1. The commercialisation of education. I'm a supporter of NGO involvement in education delivery, so I'm not talking about that. Governments are putting increasing pressure on education institutions to cut costs, to deliver more for less. Quality education, that promotes critical and independent thinking, costs.
              2. Culture wars. This is more difficult to articulate, but there is a move to drive culture change through schooling rather than through democratic processes. For example Critical Race Theory asks questions of institutions that should be on the table for discussion. But CRT has been well and truly corrupted by militant activists on campus, which is why parents (including many african americans) are pushing back against it.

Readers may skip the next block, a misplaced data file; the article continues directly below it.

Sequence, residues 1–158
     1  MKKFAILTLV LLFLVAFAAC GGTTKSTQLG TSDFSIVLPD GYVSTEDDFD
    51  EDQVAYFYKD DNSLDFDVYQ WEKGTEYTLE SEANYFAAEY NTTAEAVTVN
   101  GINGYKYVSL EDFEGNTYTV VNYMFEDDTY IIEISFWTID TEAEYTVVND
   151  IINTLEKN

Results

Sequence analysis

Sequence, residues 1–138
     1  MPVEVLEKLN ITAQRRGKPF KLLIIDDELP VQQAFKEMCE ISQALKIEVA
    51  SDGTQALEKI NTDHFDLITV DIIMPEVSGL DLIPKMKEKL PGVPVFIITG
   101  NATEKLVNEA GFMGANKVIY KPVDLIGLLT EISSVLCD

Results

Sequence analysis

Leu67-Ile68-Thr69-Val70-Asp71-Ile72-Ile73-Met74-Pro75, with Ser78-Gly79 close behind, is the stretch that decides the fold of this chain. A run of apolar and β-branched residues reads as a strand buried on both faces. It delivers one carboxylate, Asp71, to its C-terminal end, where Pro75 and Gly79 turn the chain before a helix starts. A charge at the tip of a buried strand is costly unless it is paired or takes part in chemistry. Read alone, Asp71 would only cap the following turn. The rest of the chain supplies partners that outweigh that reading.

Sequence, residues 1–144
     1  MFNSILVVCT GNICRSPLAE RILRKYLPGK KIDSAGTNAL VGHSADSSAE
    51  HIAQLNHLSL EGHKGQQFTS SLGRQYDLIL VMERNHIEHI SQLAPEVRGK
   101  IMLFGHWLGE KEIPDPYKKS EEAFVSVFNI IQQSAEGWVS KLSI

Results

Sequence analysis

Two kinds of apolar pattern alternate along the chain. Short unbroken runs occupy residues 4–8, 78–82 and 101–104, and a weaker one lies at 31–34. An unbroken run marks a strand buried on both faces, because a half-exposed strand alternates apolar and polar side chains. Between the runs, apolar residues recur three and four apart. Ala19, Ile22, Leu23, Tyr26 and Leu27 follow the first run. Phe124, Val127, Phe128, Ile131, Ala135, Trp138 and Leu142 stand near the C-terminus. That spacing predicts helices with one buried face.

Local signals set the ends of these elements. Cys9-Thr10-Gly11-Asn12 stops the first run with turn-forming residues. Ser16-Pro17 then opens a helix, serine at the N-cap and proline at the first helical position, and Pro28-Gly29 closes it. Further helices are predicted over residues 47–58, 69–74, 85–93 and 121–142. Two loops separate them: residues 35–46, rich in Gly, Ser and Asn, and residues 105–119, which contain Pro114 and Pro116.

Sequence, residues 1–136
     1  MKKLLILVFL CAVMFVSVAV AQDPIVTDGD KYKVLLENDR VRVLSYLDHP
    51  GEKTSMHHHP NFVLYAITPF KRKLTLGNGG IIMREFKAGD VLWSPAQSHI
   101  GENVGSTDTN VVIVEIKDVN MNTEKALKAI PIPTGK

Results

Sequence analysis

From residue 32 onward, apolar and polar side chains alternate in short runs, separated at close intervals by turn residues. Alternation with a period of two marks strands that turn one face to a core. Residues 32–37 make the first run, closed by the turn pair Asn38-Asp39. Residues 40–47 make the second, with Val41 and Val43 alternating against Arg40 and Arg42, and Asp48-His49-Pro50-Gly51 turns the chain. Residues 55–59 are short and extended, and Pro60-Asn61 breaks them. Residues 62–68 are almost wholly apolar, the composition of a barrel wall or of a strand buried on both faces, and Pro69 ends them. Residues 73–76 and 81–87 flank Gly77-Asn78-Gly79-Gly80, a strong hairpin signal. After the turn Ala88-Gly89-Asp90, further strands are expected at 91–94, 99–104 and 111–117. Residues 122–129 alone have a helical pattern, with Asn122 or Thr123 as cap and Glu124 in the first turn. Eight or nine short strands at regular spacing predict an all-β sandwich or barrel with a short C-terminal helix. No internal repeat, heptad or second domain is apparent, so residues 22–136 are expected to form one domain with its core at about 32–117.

3. Aligned to 2. above – a drive to undermine conventional concepts of rational thought and empirical science. Just look at the furore over the letter from a group of academics suggesting that indigenous knowledge "falls far short of what we can define as science". Rather than actually debate the claims, the response was exemplified by a statement from Auckland vice-chancellor Dawn Freshwater, who said the letter had “caused considerable hurt and dismay among our staff, students and alumni”. It is not the job of an academic institution to protect it's students from hurt feelings. It is their job to educate their students. Tara McAllister (who is a Māori ecologist) described the academics letter as "anti-Indigenous ideas". IMHO this is an intellectually lazy critique, typical of what all too often passes for critique. A far more sensible and reasoned approach came from Kyle Gibson, who had the rigour to actually examine the academics motivations and claims. Gibson wrote “This debacle is alarming and I think we should all be concerned. These professors are taking a stand against racism; the backlash is as ironic as it is problematic.” and “Mātauranga Māori cannot be given parity with science, because it is not the same kind of thing as science. Mātauranga Māori should be given parity with other bodies of knowledge by being regarded with the same weight and respect afforded to all cultural knowledge. There is no respect in pretending that it is something that it can not be and should not try to be.” https://www.stuff.co.nz/stuff-nation/125940471/science-cant-be-pkeh-or-mori-its-just-science. It’s not a matter of whether or not we agree with those thoughts. It’s a matter of seeing a single robust critique amongst a sea of claptrap.